- Since the November 8 election, proponents of the Affordable Care Act have been nervously eyeing the executioner’s axe hanging above President Obama’s signature healthcare reform package, waiting for the heavily Republican Congress to strike the fatal blow.
After campaigning on promises to repeal and replace the legislation, the country’s new crop of lawmakers seems more than ready to move forward with the first part of the process – but may not be quite so prepared to follow through with the second.
Opponents of the law have decried the individual mandate and wrestled over the legality of the tax credits associated with the ACA insurance exchanges, arguing that the legislation is fiscally problematic on several fronts. An immediate repeal would allow Congress to hit the reset button and architect a system better suited to the conservative palate.
But those in favor of the ACA have voiced deep concerns that a staggered repeal-and-replace process would bring untold uncertainty to the health insurance market, destabilizing one of the largest sectors of the nation’s economy and preventing patients from accessing necessary services.
Andy Slavitt, who relinquished his position as Acting Administrator of the Centers for Medicare and Medicaid Services on Inauguration Day, counts himself among the latter.
The ACA doesn’t just expand coverage opportunities for millions of Americans and protect millions more from detrimental business practices, he told HealthITAnalytics.com. It also plays a critical role in supporting and enabling the transition to value-based care.
“I worry that we’re not going to have the ability to invest in advancing a relationship-based healthcare system supported by better information at the same time that we’re dealing with all of this uncertainty over whether or not patients will even have access to care,” he said.
“No provider is going to be immune from the negative financial consequences of people losing coverage. If hospitals are going to go back to the days when they had another trillion dollars in bad debt, their ability to invest and move forward is limited.”
“That’s not to mention the fact that many of the provisions of the ACA are what have allowed primary care medical homes and the Medicare diabetes prevention model to begin to flourish,” he added. “Whether Congress intends it or not, those things are jeopardized with an ACA repeal and no replacement.”
Pivoting the debate on repeal and replace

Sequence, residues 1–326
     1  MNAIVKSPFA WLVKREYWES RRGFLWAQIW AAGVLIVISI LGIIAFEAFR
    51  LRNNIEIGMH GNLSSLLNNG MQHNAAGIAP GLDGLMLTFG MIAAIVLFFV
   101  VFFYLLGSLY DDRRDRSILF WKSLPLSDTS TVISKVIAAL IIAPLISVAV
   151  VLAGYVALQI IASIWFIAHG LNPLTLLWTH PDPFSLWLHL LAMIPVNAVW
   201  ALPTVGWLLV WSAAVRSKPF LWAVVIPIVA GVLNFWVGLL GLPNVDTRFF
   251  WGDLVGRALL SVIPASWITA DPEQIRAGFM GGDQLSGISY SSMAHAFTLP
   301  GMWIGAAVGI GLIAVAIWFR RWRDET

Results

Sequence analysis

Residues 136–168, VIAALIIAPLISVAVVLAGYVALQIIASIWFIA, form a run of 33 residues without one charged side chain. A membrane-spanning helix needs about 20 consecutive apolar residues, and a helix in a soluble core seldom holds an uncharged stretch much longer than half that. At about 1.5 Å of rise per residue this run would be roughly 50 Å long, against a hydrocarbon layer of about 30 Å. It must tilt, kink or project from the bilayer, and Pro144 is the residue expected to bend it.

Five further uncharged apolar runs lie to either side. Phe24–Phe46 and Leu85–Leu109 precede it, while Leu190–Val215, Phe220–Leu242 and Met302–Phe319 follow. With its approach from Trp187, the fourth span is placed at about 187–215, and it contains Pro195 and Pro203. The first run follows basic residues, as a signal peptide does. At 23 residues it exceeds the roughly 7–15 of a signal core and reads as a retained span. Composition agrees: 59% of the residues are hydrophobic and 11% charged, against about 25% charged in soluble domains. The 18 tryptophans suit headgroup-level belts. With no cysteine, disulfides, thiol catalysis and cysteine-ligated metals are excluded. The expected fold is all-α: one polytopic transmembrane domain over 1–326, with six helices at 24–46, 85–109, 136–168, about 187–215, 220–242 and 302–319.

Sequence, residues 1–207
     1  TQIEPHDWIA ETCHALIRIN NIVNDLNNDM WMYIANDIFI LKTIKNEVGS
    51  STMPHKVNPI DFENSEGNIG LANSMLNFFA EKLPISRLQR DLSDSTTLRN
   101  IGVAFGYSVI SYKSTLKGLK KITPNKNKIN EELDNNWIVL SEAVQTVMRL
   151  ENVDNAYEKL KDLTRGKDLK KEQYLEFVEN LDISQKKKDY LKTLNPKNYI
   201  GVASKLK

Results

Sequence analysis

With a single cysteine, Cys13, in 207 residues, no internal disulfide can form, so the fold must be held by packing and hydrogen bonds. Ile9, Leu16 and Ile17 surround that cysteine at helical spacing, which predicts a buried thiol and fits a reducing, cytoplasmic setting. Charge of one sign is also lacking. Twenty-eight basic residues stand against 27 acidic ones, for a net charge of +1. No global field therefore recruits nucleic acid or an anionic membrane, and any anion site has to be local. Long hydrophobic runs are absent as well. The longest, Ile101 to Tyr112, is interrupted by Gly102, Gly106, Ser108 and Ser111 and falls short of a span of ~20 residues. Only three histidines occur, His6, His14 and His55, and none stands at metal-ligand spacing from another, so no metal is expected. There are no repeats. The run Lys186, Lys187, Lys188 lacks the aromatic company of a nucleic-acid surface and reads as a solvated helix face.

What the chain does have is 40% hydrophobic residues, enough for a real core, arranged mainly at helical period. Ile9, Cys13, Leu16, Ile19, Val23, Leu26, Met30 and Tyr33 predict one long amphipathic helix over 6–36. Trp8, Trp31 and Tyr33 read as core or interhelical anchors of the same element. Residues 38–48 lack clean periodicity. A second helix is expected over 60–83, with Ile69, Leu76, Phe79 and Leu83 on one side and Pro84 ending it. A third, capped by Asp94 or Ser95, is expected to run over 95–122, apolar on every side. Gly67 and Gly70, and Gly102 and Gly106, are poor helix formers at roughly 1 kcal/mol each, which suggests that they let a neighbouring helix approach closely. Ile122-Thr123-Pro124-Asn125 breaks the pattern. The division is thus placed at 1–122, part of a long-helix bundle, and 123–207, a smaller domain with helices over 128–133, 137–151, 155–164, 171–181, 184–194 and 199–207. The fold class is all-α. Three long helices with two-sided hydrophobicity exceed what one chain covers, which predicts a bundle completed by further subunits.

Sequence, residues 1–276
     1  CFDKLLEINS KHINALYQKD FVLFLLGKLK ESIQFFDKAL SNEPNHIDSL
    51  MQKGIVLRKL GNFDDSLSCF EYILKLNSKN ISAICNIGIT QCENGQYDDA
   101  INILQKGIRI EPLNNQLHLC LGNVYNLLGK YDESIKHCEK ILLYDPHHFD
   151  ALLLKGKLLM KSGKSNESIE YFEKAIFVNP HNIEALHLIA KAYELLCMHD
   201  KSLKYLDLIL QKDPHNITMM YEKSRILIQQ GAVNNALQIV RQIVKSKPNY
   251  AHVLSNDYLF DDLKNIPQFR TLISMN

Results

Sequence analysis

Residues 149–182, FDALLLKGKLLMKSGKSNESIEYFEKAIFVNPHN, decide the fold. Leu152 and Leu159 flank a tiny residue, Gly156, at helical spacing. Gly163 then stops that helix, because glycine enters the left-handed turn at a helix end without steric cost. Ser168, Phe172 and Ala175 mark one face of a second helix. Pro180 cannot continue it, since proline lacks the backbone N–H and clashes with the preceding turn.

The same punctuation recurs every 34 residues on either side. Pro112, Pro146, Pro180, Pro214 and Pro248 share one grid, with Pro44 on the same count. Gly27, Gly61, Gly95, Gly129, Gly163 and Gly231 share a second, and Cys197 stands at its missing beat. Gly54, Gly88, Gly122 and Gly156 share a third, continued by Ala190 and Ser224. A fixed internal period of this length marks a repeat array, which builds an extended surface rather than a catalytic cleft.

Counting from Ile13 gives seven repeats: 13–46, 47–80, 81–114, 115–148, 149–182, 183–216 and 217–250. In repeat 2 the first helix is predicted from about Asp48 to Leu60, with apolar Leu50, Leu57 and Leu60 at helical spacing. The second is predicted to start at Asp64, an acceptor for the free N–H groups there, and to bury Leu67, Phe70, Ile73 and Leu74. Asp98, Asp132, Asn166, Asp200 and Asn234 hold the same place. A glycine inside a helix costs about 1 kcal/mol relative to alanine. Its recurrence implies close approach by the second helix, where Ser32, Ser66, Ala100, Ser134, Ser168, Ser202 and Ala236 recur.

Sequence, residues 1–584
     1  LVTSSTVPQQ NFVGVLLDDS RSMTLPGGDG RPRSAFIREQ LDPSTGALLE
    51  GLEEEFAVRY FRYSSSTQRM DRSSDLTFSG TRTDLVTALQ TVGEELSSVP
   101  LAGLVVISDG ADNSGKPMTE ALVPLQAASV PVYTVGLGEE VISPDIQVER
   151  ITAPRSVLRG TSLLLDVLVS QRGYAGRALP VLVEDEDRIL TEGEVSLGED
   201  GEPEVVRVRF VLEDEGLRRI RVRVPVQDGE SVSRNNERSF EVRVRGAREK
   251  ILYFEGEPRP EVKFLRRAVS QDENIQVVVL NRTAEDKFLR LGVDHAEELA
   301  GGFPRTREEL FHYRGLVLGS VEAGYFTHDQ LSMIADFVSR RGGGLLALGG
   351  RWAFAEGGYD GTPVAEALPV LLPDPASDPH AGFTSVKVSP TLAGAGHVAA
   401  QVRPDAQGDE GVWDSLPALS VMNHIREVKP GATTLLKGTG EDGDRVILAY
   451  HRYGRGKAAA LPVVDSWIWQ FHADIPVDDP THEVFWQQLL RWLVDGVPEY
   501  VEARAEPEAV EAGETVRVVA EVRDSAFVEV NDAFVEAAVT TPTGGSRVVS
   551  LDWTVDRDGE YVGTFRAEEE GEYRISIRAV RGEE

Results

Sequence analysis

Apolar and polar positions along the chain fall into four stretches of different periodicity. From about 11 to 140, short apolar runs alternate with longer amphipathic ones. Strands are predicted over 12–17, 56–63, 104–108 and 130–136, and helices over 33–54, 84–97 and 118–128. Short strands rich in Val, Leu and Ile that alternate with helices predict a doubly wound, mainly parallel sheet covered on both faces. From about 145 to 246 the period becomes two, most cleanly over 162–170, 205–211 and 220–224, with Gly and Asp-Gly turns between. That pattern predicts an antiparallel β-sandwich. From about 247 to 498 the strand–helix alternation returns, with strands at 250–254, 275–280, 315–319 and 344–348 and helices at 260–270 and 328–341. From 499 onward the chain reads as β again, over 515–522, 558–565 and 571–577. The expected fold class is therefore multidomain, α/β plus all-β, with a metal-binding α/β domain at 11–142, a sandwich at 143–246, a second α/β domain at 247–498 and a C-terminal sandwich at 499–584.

Even before leaving his post, Slavitt used Twitter to share his fierce criticism of ACA naysayers, pointing out the benefits of enhanced coverage options, showcasing data on the legislation’s cost-cutting and quality improvement impacts, and engaging with anxious patients worried about the implications of changes to the law.
He hasn’t hidden his frustrations with the tone, scope, and progress of the national conversation on healthcare reform, and spoke candidly when asked if he believes lawmakers are aware of the downstream effects of their prevarications.
“I’m not sure what people are aware of,” he said. “Honestly, I don’t think there’s a very well thought-out plan for what to do next. It’s one thing to take shots at Obamacare during a campaign, but it’s another thing to govern.”
“The President campaigned on making the ACA better. He didn’t campaign on taking healthcare coverage away from people. I think that’s pretty clear. But the actions of Congress so far seem very counter to that.”
“If we were to repeal the ACA without already having passed a replacement plan, it will become extremely difficult to pass any kind of replacement – forget about whether it’s a good replacement plan or not.”
A total repeal without a firm framework for the future is also an unpopular proposition among voters. In a Kaiser Family Foundation poll conducted in December of 2016, just 20 percent of consumers said Congress should immediately repeal the ACA and worry about a replacement plan later.
Source: Kaiser Family Foundation
Twenty-eight percent wanted to review a replacement plan before the repeal process, while 47 percent do not want to see the law removed at all.
“Americans don’t want loopholes,” Slavitt said. “They don’t want insurance companies to be able to go back to the way things used to be. On some level, some people probably through repeal would be simple. I’m not sure the people who said that knew everything that’s in the ACA.”
“And I’m not sure real Americans, who definitely want things to get better, would agree that it’s a good idea to take away the protections they now have and the progress that we’ve made.”
Physicians are even less likely to favor swift action on a repeal without the certainty of something to shore up coverage afterward. Just 15 percent of physicians surveyed by the New England Journal of Medicine favored a comprehensive repeal. That included less than 40 percent of self-reported Trump voters.